The Boise area is well-regarded, but that’s not reason enough to invest in an area. Boise real estate is also some of the most expensive in Idaho, although Boise home values don’t compare to the most expensive real estate in the U.S. We’ll focus on practical reasons you’d want to buy investment properties in Boise and give you the hard facts to justify those recommendations.

Here are the 10 reasons to invest in the Boise real estate in 2019:

1. The Student Market

The Boise metro area is the largest population center in Idaho and home to the state capital, so it is the largest student market in the state. In fact, Boise State University is located here. So are satellite campuses of the University of Idaho ad Idaho State University. Boise Bible College is also located in Boise. This provides significant opportunity for those who want to invest in the Boise real estate market and cater to college students.

2. The Lure of Jobs

One factor propelling the Boise real estate market is the availability of jobs. In Boise, population and job growth triple the national average. Boise is home to far more than lumber and food processors, though it is home to the headquarters of Idaho Pacific Lumber Company. The area’s largest private employer is Micron Technology, though Hewlett Packard and Simplot employ thousands here. There are a number of manufacturing facilities here providing more stable and better paying work than you could find in the seasonal tourism and irregular agribusiness sector. The university and state government are major employers. Boise has low unemployment overall, currently hovering around 3%. That is two points below the national average.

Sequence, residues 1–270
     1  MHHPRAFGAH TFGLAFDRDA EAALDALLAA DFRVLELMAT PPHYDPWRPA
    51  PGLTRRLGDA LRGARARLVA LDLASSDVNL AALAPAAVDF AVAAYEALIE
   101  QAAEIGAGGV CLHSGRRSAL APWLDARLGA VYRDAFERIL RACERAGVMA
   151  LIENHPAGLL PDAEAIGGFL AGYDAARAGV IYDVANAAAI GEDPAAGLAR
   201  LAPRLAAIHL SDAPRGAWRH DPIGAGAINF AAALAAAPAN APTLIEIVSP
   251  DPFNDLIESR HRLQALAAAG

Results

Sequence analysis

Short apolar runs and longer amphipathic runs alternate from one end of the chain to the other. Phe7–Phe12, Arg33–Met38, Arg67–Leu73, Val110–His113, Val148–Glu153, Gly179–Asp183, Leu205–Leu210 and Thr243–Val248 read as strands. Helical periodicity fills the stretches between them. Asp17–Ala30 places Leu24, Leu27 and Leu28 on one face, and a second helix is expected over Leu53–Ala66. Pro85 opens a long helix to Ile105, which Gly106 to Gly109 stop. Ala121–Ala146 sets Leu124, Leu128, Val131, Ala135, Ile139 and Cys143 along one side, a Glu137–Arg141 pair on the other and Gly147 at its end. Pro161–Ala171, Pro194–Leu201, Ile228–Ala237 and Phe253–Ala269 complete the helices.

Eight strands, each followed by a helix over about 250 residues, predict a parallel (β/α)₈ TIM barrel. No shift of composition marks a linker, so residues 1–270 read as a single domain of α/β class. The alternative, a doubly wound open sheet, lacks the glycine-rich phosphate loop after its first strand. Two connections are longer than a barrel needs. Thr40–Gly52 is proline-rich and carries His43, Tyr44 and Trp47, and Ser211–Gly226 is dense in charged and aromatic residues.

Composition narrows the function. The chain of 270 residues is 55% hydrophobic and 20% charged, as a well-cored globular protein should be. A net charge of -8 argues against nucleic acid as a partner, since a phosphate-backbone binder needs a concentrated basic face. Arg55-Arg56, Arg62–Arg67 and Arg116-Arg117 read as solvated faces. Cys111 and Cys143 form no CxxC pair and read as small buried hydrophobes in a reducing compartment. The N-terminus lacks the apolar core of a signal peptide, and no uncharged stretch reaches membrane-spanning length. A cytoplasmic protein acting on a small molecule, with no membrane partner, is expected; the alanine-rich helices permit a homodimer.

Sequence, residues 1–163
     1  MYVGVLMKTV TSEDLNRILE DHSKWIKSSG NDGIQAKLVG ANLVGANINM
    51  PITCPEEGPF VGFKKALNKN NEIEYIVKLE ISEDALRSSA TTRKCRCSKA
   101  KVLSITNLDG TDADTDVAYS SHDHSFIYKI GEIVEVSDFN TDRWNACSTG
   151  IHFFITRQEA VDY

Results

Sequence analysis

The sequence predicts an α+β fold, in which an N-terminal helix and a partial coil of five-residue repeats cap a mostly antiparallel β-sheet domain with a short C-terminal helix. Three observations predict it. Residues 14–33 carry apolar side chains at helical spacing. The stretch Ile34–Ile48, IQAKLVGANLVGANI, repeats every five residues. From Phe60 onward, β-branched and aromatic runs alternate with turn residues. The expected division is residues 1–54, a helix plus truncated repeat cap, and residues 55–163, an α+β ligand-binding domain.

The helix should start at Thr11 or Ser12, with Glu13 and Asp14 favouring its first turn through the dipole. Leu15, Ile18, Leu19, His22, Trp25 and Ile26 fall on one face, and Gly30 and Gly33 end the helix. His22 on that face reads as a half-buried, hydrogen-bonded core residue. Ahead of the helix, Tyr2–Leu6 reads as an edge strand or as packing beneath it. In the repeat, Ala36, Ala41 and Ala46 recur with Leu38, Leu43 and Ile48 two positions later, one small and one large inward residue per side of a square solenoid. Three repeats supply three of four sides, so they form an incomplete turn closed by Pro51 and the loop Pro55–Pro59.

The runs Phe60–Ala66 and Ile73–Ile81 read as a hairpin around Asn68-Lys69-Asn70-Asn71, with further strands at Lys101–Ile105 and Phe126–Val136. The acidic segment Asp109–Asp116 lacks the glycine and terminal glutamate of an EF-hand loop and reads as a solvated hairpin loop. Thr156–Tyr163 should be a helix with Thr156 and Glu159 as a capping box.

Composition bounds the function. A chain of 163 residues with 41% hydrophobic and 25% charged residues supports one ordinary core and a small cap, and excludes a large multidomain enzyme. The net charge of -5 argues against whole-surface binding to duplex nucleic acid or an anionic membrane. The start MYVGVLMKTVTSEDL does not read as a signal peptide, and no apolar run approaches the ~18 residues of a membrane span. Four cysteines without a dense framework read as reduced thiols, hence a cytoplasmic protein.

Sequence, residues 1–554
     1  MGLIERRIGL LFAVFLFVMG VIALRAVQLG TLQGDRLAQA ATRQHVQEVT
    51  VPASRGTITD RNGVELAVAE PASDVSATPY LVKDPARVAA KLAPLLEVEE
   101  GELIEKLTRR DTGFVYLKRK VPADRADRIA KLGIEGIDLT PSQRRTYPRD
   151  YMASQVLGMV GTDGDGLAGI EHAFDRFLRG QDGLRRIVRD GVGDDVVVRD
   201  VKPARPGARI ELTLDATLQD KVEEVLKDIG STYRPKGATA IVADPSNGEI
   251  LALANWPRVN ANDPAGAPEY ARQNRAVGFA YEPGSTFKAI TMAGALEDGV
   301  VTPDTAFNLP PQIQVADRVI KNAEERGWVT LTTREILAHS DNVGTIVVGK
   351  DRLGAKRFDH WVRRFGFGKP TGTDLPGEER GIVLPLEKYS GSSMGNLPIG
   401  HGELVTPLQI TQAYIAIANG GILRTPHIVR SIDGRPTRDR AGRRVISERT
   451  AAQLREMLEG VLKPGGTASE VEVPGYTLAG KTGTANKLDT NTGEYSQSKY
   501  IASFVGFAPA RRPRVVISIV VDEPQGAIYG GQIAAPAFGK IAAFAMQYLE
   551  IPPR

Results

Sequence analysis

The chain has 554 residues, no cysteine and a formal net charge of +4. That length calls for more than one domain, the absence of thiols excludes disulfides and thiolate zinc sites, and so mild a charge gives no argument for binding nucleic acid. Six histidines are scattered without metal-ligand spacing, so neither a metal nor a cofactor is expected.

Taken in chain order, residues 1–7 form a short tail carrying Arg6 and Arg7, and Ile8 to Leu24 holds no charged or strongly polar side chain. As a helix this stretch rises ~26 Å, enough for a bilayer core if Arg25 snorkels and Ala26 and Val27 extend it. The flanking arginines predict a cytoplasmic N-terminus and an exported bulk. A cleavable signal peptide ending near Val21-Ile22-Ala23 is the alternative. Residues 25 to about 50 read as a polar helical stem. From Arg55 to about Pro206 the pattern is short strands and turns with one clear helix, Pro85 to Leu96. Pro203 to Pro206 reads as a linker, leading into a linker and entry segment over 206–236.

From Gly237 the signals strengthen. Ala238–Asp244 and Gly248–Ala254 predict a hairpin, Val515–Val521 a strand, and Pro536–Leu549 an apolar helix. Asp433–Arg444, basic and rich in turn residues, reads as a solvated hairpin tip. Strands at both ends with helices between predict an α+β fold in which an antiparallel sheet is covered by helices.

3. The Surprisingly Strong Rental Market

The average wage in Boise is a dollar an hour higher than the state average, so moving there gives you a pay hike. However, Boise has generally low wages compared to other metro areas. The average pay rate is about $40,000 per person. While housing is cheaper than in states like California and Oregon, pay is lower, too. This means many people must rent. A healthy vacancy rate is around 5%.

In Boise, it is around 2%, and in the cheapest units, 1%.This has led to a flood of new apartment construction in the Boise housing market, but higher than average construction costs in Idaho slow down relative to demand. It certainly didn’t help local renters when there was no apartment construction at all in 2008 while new construction lagged in the last years of the Great Recession that really only ended in 2016. That is why rental rates went up 7% between 2017 and 2018.

4. Highly Regarded Schools

Boise has the top ranked school district in the state. And you get these high quality schools along with cheap housing, high quality of life and short commutes. If you’re one of the many people fleeing the high crime, unemployment and regulatory burden of California, that’s an ideal combination.

5. An Excellent Overall Quality of Life